I’ve always questioned who has the right to decide who are the guarantors, the censors or the classifiers of what is or what is not revolutionary.
It’s very simple to look in a dictionary and remember the definition of “revolutionary.” Sheep are not revolutionary. Men and women who act like sheep would never have assaulted the Moncada Barracks. To propose this, you have to want to transform the world. It was necessary to dream big to assault the sky.
I read the writing of Colina and reviewed the list of Cuban films that were not shown on TV. I remembered also how many of the film-makers who started to direct in the workshops of the Asociación Hermanos Saíz in the ’80s are not here. And I remember my recent sleepless nights when I tried to find out why the analytical, reflective and critical works of some of the young Cuban film-makers wouldn’t remain in a show, so that those young people would find their space in our Cuba — the one for all Cubans — and they wouldn’t have to search in other latitudes like so many do.
It hurts me, it lacerates me. I don’t understand the politics of exclusion.
Knowing errors, analyzing them, learning from them. To be nonconformist, to want to be better, to criticize the bad in order to amend it, to respect and take into account differences. Is this “not revolutionary”?
A few months ago a Miami TV channel showed part of the documentary, “Divers, Lions and Tankers” by young Cuban filmmakers who attend the ISA. This documentary had been recognized in some festivals in our country and selected by critics as being among the most significant films made in 2005. Channel 41 TV in Miami had a manipulated discussion of the content. The film’s director wrote to the station saying that he considered this manipulation a violation of his rights. Many people in Cuba learned from the comments about this show in Miami that this documentary existed, and they have tried to see it, but the documentary is not displayed publicly. It circulates underground. Something similar happened with the fictional short by Eduardo del Llano, “Monte Rouge.” And with other works; these are just two examples.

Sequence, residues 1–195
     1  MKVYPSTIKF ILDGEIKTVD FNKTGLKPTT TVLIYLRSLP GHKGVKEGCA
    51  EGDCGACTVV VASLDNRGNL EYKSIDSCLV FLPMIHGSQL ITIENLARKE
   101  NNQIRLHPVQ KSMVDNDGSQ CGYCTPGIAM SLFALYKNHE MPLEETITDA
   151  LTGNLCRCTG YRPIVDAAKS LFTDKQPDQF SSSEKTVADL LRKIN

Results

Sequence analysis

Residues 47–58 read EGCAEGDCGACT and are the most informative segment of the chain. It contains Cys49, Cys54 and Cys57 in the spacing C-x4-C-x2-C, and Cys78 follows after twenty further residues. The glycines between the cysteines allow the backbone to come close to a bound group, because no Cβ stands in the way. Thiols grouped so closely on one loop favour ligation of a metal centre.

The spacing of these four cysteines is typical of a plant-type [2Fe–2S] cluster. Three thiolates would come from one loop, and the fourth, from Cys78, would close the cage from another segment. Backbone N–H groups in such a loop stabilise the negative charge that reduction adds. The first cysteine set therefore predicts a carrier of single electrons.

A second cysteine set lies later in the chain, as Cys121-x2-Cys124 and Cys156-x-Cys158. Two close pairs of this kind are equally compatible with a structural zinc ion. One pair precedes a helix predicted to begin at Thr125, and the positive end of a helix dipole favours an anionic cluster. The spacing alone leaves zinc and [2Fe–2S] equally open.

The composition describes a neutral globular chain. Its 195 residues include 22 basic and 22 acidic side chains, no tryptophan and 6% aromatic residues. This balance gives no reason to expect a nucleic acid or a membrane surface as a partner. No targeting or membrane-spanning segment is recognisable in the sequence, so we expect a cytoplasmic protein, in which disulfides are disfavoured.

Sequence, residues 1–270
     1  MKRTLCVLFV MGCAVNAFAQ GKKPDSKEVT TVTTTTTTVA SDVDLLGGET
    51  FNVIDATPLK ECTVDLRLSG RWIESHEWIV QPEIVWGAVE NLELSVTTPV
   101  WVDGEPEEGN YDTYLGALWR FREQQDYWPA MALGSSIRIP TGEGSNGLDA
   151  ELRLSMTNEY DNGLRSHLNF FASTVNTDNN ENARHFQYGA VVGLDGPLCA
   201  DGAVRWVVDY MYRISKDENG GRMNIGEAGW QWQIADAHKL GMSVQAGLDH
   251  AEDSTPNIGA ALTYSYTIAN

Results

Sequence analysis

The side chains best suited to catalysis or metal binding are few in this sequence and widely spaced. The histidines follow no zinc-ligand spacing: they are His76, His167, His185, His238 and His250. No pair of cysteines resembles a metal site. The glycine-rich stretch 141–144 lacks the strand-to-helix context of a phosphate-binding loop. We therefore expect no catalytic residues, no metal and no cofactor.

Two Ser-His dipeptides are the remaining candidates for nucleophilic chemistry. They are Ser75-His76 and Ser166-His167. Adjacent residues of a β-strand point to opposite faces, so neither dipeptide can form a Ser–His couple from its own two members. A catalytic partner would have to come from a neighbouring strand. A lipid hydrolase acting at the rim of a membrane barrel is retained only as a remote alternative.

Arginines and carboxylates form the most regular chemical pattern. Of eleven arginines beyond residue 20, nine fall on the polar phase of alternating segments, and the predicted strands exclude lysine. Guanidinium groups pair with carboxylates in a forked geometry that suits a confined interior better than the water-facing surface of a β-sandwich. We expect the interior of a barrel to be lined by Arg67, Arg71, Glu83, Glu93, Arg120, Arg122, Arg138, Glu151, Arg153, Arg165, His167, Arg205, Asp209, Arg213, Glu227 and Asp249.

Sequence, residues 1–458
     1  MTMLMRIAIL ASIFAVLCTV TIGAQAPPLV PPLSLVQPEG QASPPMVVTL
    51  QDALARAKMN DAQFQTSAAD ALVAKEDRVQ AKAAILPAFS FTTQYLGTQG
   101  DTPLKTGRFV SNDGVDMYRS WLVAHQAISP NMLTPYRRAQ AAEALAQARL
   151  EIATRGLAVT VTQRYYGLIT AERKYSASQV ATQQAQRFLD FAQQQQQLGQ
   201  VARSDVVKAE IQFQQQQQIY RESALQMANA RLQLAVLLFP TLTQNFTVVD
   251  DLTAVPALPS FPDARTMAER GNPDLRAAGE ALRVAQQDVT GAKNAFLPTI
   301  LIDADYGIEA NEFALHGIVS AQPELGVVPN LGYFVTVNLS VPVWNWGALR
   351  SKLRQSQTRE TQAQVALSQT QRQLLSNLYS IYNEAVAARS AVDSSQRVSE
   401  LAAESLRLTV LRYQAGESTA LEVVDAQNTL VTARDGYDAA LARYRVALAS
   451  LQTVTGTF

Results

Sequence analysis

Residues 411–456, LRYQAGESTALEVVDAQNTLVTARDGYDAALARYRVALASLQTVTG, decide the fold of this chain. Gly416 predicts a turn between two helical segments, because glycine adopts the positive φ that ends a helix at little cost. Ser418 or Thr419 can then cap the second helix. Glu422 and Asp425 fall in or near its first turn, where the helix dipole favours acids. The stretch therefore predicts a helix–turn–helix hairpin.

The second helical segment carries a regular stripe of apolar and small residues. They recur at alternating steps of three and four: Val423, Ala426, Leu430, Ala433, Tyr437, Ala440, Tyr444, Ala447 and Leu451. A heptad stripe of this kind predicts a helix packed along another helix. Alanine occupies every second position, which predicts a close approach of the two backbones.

And I always wonder if it is not much more beneficial to bring these works to a public debate. Display them on TV, have a panel where the creators of the works can discuss views with journalists and others. In short, are we going to continue postponing the controversy over our reality, which we live every day, until we get a right time and right place that never appears?
There are many works made within the revolution by Cuban artists and writers who are HERE and who have every right to have their own voice and to call attention to aspects of our reality to those who SHOULD find a solution for themselves.
Criticism, self-criticism, jumps from the quantitative to the qualitative, unity and the struggle of opposites, these words and phrases now sound like Martian to many in our country.
Where have the principles of dialectical materialism gone? Which now our young people aren’t even studying.
Nor has the fall of socialism in Europe made me think that Marx was wrong in his formulations. History has proven that it is much more complex to apply Marxism to everyday life than to theorize about it. But out of curiosity I would like to know how many people in our country today know what characterizes a society as socialist. Any of us at any time can be exposed to questioning by some officials who flaunt the right to classify what is revolutionary or not, and who confuse dogma with being revolutionary.
It is no secret that all this generates self-censorship, and I think we all have self-censored a lot. There are battles we’ve won when we’ve defended our work and our positions in a brave, energetic manner, with solid arguments. The examples Colina gives, referring to the film Alice in Wondertown or the refusal of the directors of ICAIC to be unified with the ICRT, are proof of that.